Death Valley National Park, the place where all things come to die. Just kidding, but I know what you’re thinking: there’s nothing out there. And technically, that’s a valid concern. There really isn’t anything out there, unless you’re with someone who knows exactly what to look for.
Cue Scott Rivers from Big Horn Hummer Tours and the Lone Ranger theme song. He hopped out of the truck at 6 a.m. wearing a cowboy hat, a belt buckle and a smile. The Hummer itself is anything but inconspicuous; it’s painted to look like the American flag. “This should be good,” I said to myself.
Our first stop was Zabriskie Point in Death Valley National Park. That name probably won’t mean anything to you, but you may recognize it as one of the filming locations for “Star Wars.” At 8 a.m., it felt about as isolated as the Tatooine Desert. That is until a Wolf Blitzer look-alike came running up the 45 degree incline in Birkenstocks with more enthusiasm than a tweaker on Fremont Street.
“All this time I thought my MacBook was impressive with all its semiconductors, but nature is mind-blowing.” I have no doubt his breakfast came in a little plastic baggy, but he was right. It was pretty cool. The jutting terrain was mixed in burnt and bleached stripes against a cerulean sky.
We stopped at the welcome center to “visit the porcelains” as Scott put it, to take advantage of the last little bit of modern amenities that didn’t involve digging your own hole and filling it with sand. By the way, you may as well put your phone on airplane mode otherwise you’ll be as annoying as the Verizon Wireless guy. You really are in the middle of nowhere so save your battery for the cool photos you’ll want to take.
We faced a few staring tourists as we got back into the starred and striped Hummer to head toward Badwater Basin. I had the faint desire to hang my head out the window and scream ’Merica before attempting to belch the alphabet. Seriously, the only thing missing from that Hummer was a case of Budweiser and some NASCAR T-shirts. The funny thing is — it’s damn good branding. You can’t possibly miss such a vibrant vehicle in a scorched and crackled landscape. Everybody knows who and where you are, which is a great thing in a place like this.
Here are a few of my favorite stops:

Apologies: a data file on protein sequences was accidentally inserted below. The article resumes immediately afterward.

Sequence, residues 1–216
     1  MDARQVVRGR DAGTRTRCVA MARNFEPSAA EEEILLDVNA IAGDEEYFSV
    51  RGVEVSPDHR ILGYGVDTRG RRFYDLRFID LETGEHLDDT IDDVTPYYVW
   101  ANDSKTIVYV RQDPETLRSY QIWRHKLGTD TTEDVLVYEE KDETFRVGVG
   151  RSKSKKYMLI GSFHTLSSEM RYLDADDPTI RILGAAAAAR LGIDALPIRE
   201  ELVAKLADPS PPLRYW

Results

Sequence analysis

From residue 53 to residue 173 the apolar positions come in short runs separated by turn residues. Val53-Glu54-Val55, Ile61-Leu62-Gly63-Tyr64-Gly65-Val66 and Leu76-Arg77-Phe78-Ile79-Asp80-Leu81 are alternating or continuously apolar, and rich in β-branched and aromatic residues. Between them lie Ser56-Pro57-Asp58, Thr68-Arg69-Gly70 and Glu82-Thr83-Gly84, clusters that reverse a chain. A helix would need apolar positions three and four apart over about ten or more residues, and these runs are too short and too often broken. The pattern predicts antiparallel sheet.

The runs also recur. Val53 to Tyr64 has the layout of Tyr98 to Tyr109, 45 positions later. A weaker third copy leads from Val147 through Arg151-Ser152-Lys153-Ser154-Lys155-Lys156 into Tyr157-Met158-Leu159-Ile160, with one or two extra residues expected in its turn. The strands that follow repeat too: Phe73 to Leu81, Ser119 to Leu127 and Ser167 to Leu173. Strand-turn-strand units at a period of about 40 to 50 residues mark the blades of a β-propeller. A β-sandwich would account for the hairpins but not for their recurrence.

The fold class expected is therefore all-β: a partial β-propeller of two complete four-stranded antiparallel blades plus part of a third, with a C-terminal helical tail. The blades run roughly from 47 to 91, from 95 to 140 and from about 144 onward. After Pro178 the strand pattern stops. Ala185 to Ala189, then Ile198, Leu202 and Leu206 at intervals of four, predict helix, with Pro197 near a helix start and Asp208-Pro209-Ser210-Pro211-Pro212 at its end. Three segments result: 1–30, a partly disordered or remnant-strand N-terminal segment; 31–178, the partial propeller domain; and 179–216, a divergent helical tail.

Badwater Basin: The lowest point in North America and the water there is three times saltier than the ocean. At 282 feet below sea level, I think it’s safe to say we’ll have ocean-front property when California slips into the Pacific. The salt is crystallized and looks a lot like cauliflower bobbing above the surface of huge puddles.
The Devil’s Golf Course: With razor sharp salt crystals, it’s a lot like a coral reef and not the place you want to lose your footing. Against my better judgment, we tiptoed across 50 yards of jagged terrain with the concentration of tight-rope walkers. Somehow, our guide knew exactly where an underground aquifer was located, despite the complete lack of visual indicators. Not one to shy away from a dare, I carefully bent down for a sample. Twenty four hours later I’m happy to report my tongue has not rotted off and it does taste surprisingly like regular old Morton’s.
Artist’s Palette: The blue and green streaks reminded me of smeared toothpaste and are caused by the oxidation of different metals in the rock. I quietly pocketed one of the cool volcanic rocks and now I’m sure I can expect a call from the National Park Service.
Twenty Mule Team Canyon: Down a pockmarked dirt road where we squeezed through blind canyon corners. We scaled what looked like a colossal white cheddar-cheese puff to get a better view. The volcanic ash is still there a bazillion years later, and is sprinkled around the canyon like crumbled-up Oreos.
If there’s one thing I learned; it’s that Mother Nature is a huge show off. There were so many unique landscapes it felt a lot like landing on the surface of different planets. If it weren’t for our supremely awesome tour guide, we would’ve had no clue what to look for unless we were geologists, scientists, historians or a group of intellectual fancy pants.
Another great thing about going with a guide is that they know just how much trouble you can get into and will stop you when your common sense stays behind in the Hummer. Since I had no intention of ending up on the 6 o’clock news, we didn’t venture too far off the beaten path. Remember “127 Hours?” I do. We all know what happens when you wander away. But if that’s how you get your rocks off, Big Horn Hummer Tours can accommodate your adrenaline cravings too.[Galleries 138 not found]